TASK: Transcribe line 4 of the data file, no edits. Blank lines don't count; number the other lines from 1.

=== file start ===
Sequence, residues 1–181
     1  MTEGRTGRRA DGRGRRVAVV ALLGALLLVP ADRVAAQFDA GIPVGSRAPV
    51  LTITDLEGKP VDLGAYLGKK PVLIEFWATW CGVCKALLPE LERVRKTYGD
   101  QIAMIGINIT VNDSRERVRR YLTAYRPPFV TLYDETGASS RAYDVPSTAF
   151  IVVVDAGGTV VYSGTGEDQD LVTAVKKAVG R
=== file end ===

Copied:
   101  QIAMIGINIT VNDSRERVRR YLTAYRPPFV TLYDETGASS RAYDVPSTAF